Chicago Police

Emails Show What Chicago Police Did in Hit-and-Run Case Only After NBC 5 Investigates Started Asking Questions

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Newly obtained emails reveal the steps Chicago police took in a deadly hit-and-run case — only after NBC 5 Investigates started asking questions.

Linda Mensch, 70, was leaving the Garfield Park Conservatory at around 3:50 p.m. on Aug. 26 when she was struck and killed by a driver that fled the scene.

That crash was one of more than 37,000 hit-and-runs across Chicago in 2021 — a year that saw just 306 arrests on charges related to fleeing the scene of a crash, according to city data analyzed by NBC 5 Investigates.

No one has been arrested for the crash that killed Mensch, even though police had surveillance photos of the van that hit her and a license plate number from day one.

As NBC 5 Investigates previously reported, CPD had not even interviewed the registered owner of the car about the accident.

Chicago saw more than 37,000 hit-and-run crashes in 2021, but over that same time period, just 306 people were arrested on charges related to fleeing the scene of a crash, according to city data analyzed by NBC 5 Investigates. Phil Rogers has the story.

NBC 5 Investigates filed an open records request for emails sent to and from the officer in the Major Accidents Investigation Unit who was assigned to the crash. Some of those emails indicate there was a flurry of activity immediately following the accident — and that things picked up again after NBC 5 Investigates began looking into the case.

The very day of the crash on Aug. 26, the emails show that police indicated the owner of the vehicle is "known to be armed and dangerous."

The investigator requested an all-call message to warn officers to "use extreme caution when approaching and securing the vehicle, as the owner of this vehicle is believed to have access to firearms."

After receiving a tip from an anonymous caller less than 24 hours after the crash, police located the car abandoned in an alley and obtained a search warrant in order to impound it and swab the interior, the emails show.

On Aug. 28, the investigator told MAIU supervisors, "The suspect is the owner of the vehicle."

"Members of the community keep relating it is him but nobody wants to cooperate with the police," the email reads. "Therefore, this is a DNA case."

Mensch's daughter told NBC 5 in February that she couldn't understand why the owner wasn't at least being questioned.

The owner was arrested less than a month after the crash, but on an unrelated weapons charge — not the crash that killed Mensch. The arrest report for that incident shows no evidence that the owner was questioned about the crash while in police custody.

At 12:50 p.m. on Feb. 9, NBC 5 Investigates sent an email with specific questions pertaining to the ongoing crash investigation to CPD's office of News Affairs.

Almost exactly six hours later that very day, the Major Accidents investigator sent a case summary to the unit's supervisors, noting at the top of the email, "This case has the potential of becoming newsworthy with NBC 5 Phil Rogers."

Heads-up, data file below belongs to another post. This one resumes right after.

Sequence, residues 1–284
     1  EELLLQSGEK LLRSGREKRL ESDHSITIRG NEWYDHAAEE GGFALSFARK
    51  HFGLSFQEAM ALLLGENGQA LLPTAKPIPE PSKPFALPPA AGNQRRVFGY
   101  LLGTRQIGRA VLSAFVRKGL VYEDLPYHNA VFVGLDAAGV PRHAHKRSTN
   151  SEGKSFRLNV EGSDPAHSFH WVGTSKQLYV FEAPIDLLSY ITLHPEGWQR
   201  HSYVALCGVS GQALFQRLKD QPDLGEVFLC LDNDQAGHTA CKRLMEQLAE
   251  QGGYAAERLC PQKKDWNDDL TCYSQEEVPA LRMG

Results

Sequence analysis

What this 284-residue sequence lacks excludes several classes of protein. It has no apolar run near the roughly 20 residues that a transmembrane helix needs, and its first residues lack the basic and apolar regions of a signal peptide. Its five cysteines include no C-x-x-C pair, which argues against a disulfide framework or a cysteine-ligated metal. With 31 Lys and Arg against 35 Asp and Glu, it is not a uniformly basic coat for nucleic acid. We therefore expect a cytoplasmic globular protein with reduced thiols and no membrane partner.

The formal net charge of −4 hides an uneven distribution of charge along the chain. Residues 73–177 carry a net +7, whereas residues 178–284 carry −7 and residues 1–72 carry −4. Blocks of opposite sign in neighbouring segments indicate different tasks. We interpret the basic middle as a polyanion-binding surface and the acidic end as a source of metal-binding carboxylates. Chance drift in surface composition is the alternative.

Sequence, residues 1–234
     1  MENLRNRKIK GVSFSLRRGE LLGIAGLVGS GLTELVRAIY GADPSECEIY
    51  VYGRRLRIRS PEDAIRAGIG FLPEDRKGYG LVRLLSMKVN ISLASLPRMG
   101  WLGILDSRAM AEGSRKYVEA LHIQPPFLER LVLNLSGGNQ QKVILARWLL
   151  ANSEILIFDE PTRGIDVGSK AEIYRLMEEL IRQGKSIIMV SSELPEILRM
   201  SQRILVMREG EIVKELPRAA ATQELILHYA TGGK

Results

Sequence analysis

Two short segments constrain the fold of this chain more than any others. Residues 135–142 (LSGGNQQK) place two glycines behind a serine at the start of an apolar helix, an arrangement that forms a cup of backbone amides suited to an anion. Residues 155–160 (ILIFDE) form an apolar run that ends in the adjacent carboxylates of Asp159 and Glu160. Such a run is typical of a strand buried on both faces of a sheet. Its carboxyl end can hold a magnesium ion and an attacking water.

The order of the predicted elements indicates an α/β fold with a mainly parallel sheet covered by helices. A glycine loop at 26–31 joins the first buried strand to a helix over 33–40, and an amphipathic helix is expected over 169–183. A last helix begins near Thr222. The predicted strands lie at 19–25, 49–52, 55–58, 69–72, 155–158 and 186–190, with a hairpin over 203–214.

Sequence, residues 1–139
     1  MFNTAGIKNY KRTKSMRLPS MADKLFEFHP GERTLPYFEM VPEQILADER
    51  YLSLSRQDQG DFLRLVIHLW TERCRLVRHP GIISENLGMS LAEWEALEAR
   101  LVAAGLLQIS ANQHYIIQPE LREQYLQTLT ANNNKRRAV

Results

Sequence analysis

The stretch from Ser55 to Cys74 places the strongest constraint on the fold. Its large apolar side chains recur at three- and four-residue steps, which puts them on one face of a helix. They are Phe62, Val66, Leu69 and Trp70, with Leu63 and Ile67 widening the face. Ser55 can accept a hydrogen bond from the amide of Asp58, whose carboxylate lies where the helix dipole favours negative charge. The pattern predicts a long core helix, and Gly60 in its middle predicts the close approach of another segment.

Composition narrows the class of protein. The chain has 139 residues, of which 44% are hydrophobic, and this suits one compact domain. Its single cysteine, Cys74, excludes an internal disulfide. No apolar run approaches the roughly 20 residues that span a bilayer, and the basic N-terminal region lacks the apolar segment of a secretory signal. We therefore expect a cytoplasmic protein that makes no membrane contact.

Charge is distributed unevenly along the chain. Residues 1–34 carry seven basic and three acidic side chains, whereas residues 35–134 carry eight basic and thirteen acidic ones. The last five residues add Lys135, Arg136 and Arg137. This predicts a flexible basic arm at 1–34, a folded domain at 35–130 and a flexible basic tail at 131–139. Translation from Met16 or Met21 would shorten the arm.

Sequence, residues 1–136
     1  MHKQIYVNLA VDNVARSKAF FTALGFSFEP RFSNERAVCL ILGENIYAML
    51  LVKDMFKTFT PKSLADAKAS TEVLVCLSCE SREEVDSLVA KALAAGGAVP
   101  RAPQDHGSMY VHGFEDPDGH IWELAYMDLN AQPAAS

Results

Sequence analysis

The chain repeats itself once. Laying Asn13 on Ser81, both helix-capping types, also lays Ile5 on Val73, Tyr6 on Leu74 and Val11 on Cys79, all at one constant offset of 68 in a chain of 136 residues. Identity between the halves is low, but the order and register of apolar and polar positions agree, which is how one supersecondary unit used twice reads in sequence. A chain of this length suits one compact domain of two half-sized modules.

The officer wrote that DNA analysis of the interior swabs of the vehicle "revealed three contributors, and the profiles were inconclusive."

"Numerous attempts" to contact the owner had been unsuccessful, the email reads, revealing that when the officer called the owner on Oct. 15 - nearly two months after the crash - his "tone was agitated, and he refused to make any arrangements to meet" with police.

The officer noted that the owner "also has denied being involved in the crash and claimed to be out of town."

Friends of one Chicago hit-and-run victims have reached out to authorities, asking for action in a seemingly stalled case where police had plenty of leads. NBC 5 Investigates’ Phil Rogers reports.

In that same email, sent six months after the crash, the officer said "moving forward," the plan was to enter an investigative alert for the owner in CPD's computer system — something that would have flagged him when he was arrested for the unrelated gun charge in September.

The officer also noted plans to draft a search warrant for the owner's cell phone GPS records, noting that it was unclear if probable cause could be established without identification or admission. The officer also planned to request a meeting with the Cook County State's Attorney's office to "go over the facts of the case."

On Feb. 14, a lieutenant in CPD's Bureau of Detectives forwarded the officer's email to one of the department's spokesmen, among others, saying he's "hearing rumblings this case may hit the news tomorrow night on a piece… on how MAIU is not doing anything on this case."

"As you can see, that's obviously not true," the lieutenant says.

The day after NBC 5's report aired on Feb. 15, the lead investigator on the case sent a link to the story to a deputy supervisor in the state's attorney's office, which has not charged anyone in the crash.

CPD has declined multiple requests for comment on this case and several other hit-and-runs, citing the ongoing nature of the investigations.

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